Responding to Housing Demand
The return of soldiers after the Second World War added to a housing shortage that had already existed in Winnipeg during the Great Depression. The explosive growth of the post-war baby-boom generation led to greater demand for affordable housing. This demand, in turn, fuelled rapid growth in housing construction; Winnipeg’s rate of construction per capita became the highest in Canada. From 1941 to 1971, metropolitan Winnipeg’s population grew 80%, from 297,739 to 535,480, while suburban municipalities tripled in size, becoming home to a majority of the city’s population. Suburbs quickly occupied available space in and around the city, and it was in this environment of rapidly disappearing space that Windsor Park was conceived.
The development of Windsor Park began with John Henry Borger. The Borger family arrived from Russia in 1902, and by 1919 John Henry Borger and his father started a family-owned construction business, Henry Borger and Sons Ltd. John Henry Borger became president of the company in 1936. Later, in 1955, he formed Land Assembly and Development Co. (Ladco), an association of homebuilders brought together in response to the shortage of land in metropolitan Winnipeg. Each homebuilder had a share in the operation of the company, and first priority in acquiring lots in Ladco developments. In fall 1955, there were 38 member homebuilders in Ladco; Irvine B. Margolese and Co. Ltd., was the largest, representing seven different contractors.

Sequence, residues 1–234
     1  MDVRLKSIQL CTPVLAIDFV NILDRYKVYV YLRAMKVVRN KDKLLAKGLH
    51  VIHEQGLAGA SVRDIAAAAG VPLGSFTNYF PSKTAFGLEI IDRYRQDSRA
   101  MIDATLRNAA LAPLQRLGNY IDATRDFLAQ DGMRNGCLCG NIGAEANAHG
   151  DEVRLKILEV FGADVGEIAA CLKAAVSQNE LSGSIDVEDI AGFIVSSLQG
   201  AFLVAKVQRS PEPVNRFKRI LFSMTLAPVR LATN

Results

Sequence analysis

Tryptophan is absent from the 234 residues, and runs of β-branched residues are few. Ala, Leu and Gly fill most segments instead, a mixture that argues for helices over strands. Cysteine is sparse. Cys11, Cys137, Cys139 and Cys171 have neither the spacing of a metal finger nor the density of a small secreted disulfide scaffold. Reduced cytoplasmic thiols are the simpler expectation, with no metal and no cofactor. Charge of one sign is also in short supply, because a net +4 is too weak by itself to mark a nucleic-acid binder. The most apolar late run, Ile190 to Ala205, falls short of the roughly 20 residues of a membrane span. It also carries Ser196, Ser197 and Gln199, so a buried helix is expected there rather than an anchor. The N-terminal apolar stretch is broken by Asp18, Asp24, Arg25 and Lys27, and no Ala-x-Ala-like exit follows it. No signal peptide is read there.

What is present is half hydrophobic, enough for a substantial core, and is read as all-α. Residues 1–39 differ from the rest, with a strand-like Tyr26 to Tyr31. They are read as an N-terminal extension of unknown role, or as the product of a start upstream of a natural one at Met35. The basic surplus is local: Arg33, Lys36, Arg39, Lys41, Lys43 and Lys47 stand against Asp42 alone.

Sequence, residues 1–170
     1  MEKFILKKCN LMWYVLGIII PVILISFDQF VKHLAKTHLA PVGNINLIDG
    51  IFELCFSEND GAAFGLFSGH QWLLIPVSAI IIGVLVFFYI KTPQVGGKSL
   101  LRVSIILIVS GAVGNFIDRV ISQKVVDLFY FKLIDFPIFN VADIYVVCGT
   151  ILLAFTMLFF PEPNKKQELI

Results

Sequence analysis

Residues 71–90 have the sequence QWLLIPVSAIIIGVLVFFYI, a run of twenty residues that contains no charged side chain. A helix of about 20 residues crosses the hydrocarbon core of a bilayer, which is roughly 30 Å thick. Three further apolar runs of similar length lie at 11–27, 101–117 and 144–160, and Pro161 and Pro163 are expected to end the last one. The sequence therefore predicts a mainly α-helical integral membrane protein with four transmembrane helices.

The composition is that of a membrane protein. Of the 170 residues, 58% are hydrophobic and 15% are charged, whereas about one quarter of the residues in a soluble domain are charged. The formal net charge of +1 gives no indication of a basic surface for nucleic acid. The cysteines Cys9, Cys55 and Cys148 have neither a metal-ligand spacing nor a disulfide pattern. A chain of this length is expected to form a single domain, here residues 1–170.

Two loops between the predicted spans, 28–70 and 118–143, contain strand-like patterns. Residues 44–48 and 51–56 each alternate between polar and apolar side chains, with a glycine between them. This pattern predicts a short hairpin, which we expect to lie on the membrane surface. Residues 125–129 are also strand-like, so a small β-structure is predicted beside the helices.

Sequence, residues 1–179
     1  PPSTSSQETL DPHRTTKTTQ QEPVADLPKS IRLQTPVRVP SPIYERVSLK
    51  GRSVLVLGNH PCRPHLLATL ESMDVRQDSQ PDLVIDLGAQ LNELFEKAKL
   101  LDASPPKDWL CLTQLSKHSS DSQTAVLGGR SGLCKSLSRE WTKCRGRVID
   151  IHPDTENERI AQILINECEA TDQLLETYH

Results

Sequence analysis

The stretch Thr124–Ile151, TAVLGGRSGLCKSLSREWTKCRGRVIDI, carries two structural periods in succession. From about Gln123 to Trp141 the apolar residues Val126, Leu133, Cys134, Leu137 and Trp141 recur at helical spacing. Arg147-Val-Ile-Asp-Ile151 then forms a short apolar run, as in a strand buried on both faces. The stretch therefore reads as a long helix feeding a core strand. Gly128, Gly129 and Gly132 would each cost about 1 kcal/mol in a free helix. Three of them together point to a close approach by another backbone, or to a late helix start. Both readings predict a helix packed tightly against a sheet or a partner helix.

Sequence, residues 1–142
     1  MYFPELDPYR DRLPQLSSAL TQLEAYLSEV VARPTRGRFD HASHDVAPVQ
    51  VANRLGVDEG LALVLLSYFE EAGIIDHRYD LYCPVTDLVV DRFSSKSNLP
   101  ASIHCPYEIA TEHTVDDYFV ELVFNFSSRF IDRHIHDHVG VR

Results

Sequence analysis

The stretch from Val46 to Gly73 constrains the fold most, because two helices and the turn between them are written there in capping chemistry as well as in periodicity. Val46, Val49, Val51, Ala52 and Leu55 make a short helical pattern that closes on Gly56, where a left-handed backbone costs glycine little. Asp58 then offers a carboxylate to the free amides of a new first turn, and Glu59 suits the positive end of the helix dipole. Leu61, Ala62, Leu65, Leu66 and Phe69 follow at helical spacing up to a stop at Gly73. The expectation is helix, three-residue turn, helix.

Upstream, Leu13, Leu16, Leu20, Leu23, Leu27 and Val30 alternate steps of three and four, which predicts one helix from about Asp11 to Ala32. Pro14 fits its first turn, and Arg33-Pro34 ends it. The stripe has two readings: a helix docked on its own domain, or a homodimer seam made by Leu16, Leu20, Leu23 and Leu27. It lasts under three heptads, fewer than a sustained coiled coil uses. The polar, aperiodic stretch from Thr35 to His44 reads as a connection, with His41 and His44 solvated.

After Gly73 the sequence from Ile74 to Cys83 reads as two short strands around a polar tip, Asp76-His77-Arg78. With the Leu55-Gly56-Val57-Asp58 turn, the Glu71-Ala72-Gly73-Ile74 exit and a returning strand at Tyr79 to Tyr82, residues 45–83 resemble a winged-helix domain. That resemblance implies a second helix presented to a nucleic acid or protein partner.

Planning for Windsor Park had started as early as 1954. When a suitable plot of land was acquired, Ladco made public, in 1955, its plan to build 1,300 homes. They began clearing the 730-acre St. Boniface lot that September. On January 19, 1956, the company signed a contract with the City of St. Boniface to build 3,100 homes, a project valued at $45 million. The ribbon cutting to open Windsor Park was September 18, 1956, and was attended by St. Boniface Mayor J. G. Van Belleghem, Ladco President J. Henry Borger, and A. W. Haag of the Winnipeg Home Builders’ Association. According to Mayor Van Belleghem, the development would encourage industrial growth on the east side of the city. Indeed, Windsor Park’s development attracted industry, notably Canada Packers and Swift Canadian Co. Ltd., and contributed to St. Boniface becoming the 16th largest industrial centre in Canada by 1958.